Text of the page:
[PeerToPatent Australia] Invitation

Richard B. Kreckel kreckel at ginac.de
Mon Jan 4 00:44:06 CET 2010


Pedro Gimeno wrote:
> I've taken a look at the patent; it's already filed in the U.S. with 
> number 7,523,150.

So I've taken a little bit of time to read that patent.

Gosh, almost exactly ten years ago I had working C++ code that *exactly* 
implemented this patent and the ring operations on numbers stored 
thusly! I've not followed this further because I became convinced that 
striving for an internal representation of numbers that closely 
resembles decimal representation is not at all worth it: conversion is 
best done during I/O and it's only O(M(N)*log(N)) anyways, so what the heck.

Really, this is nothing more than a brain fart. There may be reasons to 
use decimal numbers in accounting. But for science and engineering it's 
pointless. Also, in April 2007, we've discussed the pros and cons of 
decimal internal representation on this mailing list and dismissed it. 
(If you read closely, you'll also find the idea of the patent sketched 
in that thread!)

The only sad thing is that, apparently, brain farts have become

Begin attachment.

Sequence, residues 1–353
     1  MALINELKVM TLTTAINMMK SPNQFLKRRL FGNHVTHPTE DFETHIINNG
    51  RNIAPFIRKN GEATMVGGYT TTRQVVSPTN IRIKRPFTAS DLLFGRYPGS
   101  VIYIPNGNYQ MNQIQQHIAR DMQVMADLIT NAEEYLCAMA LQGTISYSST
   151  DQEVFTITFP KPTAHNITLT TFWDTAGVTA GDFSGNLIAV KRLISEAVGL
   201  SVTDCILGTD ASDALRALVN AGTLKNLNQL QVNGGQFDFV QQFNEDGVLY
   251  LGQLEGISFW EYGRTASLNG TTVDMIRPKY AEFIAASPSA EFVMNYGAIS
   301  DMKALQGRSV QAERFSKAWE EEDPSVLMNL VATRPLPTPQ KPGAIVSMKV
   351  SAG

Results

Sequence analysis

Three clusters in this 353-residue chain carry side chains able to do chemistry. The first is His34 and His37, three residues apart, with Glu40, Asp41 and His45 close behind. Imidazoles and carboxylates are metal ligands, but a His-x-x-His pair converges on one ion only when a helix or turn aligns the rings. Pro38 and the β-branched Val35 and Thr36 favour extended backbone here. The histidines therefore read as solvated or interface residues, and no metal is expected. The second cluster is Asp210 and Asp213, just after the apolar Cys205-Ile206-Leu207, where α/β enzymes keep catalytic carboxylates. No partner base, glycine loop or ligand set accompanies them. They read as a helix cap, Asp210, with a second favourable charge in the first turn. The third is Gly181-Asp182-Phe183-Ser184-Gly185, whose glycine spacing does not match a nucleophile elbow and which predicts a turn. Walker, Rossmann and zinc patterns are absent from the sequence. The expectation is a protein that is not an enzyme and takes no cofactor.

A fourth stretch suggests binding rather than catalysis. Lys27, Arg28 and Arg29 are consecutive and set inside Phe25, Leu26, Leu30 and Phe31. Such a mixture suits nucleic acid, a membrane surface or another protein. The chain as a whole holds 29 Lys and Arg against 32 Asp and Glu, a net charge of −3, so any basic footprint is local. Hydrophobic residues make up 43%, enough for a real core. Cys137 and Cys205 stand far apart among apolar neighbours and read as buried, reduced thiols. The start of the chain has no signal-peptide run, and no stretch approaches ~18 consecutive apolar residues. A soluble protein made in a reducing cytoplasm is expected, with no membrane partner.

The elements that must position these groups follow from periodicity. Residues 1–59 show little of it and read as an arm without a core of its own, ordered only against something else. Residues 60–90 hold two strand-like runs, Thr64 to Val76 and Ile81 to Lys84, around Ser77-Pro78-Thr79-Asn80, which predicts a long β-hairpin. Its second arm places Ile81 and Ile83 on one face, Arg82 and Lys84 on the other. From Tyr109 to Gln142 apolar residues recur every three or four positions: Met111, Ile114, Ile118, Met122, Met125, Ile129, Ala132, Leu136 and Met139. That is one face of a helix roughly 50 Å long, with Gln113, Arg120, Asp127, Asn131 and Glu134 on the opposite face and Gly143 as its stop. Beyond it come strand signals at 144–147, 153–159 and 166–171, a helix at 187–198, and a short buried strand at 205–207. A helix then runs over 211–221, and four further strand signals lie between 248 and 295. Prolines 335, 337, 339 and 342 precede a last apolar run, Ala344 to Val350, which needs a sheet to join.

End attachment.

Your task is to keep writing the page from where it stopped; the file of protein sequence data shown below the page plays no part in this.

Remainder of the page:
patentable. And this really sucks: The authors of the patent even 
cheekily mention the Chen-Ho and densely packed decimal (of IEEE 
754-2008 fame) encodings and the stupid examiner at the patent office 
apparently failed to realize that their "invention" is nothing more than 
a straightforward generalization from 10 binary digits to 8, 16, 32, 64, 
or whatever the machine's word size, wrapped into overblown "patentese" 
that makes even simple maths sound complex. (I wonder if the examiner 
ever read the references.)

IMHO, the lesson of all this is a confirmation of what's been said 
before: Fighting individual patents is a complete waste of time. Waiting 
for patent examiners to become enough "skilled in the art" to penetrate 
the smug babble of patent trolls is futile, too. It is the patent 
system, that has to be changed!

And now I feel silly for having wasted my valueable time reading this, 
erhem, embarrasing piece of trash written by a "beginner in the art".

Good night, folks!
Richard B. Kreckel

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